The Devil in the Unemployment Details
Ahead of the coming Budget on February 17 and its industry-centric policies, MOM just released the unemployment figures. Unemployment in Singapore in 2011 fell to a 14-year old low rate of 2%. Breaking it down, unemployment figures were 1.9%, 2.1%, 2% and 2% in the first, second, third and last quarters of 2011 respectively.
For the general trend of unemployment figures as context, it was 3.1% in June 2011, down from a high of 4.5% in 2009 overall during the recession. In all fairness, the unemployment situation is alright currently.
While MOM did not say it outright, their message was an attempt to vindicate their foreign talent policy. In other words, although there are more foreigners injected into the economy, it does not automatically mean that locals lost their jobs as a result. Or does it?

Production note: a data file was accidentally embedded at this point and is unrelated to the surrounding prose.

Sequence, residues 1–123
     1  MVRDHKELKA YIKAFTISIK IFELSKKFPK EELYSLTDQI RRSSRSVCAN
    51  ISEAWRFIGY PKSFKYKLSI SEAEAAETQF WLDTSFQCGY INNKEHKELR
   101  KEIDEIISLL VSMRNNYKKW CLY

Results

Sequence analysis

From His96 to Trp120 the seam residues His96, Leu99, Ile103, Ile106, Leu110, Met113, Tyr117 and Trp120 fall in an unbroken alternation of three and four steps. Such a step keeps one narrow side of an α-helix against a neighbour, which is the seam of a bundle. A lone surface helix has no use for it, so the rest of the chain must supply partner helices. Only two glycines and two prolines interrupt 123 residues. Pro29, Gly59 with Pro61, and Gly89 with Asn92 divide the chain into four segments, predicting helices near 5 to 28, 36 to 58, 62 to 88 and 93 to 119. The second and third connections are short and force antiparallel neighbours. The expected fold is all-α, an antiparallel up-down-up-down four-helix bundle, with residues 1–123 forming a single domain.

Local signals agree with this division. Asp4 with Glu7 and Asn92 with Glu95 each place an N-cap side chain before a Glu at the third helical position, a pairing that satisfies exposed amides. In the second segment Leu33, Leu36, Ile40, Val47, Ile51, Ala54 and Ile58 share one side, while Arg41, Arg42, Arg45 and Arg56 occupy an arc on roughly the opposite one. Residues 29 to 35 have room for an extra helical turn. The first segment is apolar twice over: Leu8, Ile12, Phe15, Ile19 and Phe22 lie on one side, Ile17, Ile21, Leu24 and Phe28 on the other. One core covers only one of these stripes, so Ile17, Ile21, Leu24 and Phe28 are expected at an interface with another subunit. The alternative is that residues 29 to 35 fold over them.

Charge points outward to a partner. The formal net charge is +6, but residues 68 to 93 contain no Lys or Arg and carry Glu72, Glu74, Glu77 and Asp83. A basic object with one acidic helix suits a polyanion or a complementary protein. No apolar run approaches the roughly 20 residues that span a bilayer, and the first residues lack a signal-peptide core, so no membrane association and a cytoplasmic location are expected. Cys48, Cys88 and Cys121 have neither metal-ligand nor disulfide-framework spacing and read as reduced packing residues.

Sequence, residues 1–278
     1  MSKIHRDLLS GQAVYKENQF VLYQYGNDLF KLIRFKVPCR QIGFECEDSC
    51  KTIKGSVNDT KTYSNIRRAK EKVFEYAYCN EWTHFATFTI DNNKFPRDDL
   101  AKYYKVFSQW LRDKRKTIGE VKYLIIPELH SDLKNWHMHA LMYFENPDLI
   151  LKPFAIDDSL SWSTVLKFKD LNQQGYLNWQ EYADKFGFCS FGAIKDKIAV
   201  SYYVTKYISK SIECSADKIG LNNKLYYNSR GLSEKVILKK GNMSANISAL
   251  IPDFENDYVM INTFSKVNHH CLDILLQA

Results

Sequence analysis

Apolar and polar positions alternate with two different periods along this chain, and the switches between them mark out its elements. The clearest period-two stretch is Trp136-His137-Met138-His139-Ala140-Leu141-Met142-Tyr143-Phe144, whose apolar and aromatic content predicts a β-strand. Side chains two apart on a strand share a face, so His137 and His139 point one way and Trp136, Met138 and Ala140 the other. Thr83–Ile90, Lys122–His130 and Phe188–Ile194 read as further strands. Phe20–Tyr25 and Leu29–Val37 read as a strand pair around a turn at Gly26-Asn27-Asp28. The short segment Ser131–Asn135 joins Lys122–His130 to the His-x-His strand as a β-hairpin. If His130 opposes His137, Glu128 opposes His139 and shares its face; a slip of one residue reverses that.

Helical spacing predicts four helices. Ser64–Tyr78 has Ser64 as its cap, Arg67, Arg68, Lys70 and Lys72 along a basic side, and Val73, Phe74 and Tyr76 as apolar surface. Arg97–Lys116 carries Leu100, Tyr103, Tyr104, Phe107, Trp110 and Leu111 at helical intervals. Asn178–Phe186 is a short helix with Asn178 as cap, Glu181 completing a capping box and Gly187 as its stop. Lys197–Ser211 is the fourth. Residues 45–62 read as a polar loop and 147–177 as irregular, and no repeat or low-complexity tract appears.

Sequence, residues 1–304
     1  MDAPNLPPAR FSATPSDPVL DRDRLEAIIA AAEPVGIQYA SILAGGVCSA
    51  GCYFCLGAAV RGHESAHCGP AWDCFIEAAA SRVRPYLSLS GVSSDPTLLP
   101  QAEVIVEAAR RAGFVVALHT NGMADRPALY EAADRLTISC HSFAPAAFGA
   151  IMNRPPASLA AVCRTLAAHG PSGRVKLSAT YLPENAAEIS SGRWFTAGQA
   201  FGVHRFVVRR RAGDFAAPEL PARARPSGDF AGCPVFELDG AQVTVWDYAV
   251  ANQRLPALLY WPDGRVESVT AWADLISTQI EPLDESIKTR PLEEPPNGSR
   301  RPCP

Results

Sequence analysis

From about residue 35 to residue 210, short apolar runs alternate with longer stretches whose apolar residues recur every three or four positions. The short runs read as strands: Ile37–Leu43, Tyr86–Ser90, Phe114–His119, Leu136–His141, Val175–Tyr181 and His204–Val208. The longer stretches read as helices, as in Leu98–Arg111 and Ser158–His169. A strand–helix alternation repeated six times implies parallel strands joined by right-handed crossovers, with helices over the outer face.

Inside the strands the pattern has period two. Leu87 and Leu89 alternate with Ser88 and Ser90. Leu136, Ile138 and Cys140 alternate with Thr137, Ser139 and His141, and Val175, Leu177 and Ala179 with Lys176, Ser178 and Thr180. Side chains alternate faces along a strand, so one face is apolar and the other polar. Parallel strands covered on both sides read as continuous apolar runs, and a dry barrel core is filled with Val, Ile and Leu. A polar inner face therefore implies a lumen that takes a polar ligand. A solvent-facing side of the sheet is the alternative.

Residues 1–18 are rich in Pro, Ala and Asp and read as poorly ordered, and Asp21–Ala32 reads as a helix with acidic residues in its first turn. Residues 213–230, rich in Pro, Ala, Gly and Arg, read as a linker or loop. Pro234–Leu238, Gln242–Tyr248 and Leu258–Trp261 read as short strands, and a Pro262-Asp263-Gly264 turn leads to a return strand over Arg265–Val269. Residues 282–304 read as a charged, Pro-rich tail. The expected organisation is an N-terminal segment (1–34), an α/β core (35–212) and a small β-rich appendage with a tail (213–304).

Upon closer scrutiny of the feel good press statement, for 2011, there were signs of more locals unemployed than residents, which presumably means “foreigners”.
The details were that “the unemployment rate averaged 2% overall, 2.9% for residents and 3% for Singapore citizens. These rates were the lowest recorded in 14 years, after declining from 2.2% for overall, 3.1% for residents and 3.4% for Singapore citizens in 2010”. Again in context, from recession to recovery since 2008, the difference in unemployment rates between residents and citizens was never more than 0.3% points e.g. in second quarter 2010 when it was 3.1% vs 3.4%, although it was consistent that unemployment figures for citizens were always higher than that of residents.
In short, the right wing xenophobes are not wrong that maybe more citizens are unemployed compared to foreigners, but it is another thing to say foreigners stole the jobs. If job theft was the case, the difference between foreigner and citizen rates would be much wider, correct me if I’m wrong.